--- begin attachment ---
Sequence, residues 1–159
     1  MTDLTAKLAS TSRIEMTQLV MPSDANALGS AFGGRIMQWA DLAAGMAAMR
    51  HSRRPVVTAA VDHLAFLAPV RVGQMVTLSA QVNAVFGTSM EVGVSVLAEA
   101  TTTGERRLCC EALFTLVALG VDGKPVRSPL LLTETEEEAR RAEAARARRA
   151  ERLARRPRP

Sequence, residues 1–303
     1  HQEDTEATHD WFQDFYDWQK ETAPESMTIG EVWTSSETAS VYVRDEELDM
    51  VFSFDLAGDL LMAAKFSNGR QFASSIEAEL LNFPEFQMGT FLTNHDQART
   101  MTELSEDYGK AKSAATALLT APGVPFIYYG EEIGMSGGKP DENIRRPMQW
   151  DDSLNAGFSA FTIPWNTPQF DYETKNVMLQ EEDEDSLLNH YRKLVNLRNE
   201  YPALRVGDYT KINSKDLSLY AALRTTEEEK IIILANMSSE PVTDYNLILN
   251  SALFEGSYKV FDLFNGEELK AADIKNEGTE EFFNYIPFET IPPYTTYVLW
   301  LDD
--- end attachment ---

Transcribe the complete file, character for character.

Sequence, residues 1–159
     1  MTDLTAKLAS TSRIEMTQLV MPSDANALGS AFGGRIMQWA DLAAGMAAMR
    51  HSRRPVVTAA VDHLAFLAPV RVGQMVTLSA QVNAVFGTSM EVGVSVLAEA
   101  TTTGERRLCC EALFTLVALG VDGKPVRSPL LLTETEEEAR RAEAARARRA
   151  ERLARRPRP

Sequence, residues 1–303
     1  HQEDTEATHD WFQDFYDWQK ETAPESMTIG EVWTSSETAS VYVRDEELDM
    51  VFSFDLAGDL LMAAKFSNGR QFASSIEAEL LNFPEFQMGT FLTNHDQART
   101  MTELSEDYGK AKSAATALLT APGVPFIYYG EEIGMSGGKP DENIRRPMQW
   151  DDSLNAGFSA FTIPWNTPQF DYETKNVMLQ EEDEDSLLNH YRKLVNLRNE
   201  YPALRVGDYT KINSKDLSLY AALRTTEEEK IIILANMSSE PVTDYNLILN
   251  SALFEGSYKV FDLFNGEELK AADIKNEGTE EFFNYIPFET IPPYTTYVLW
   301  LDD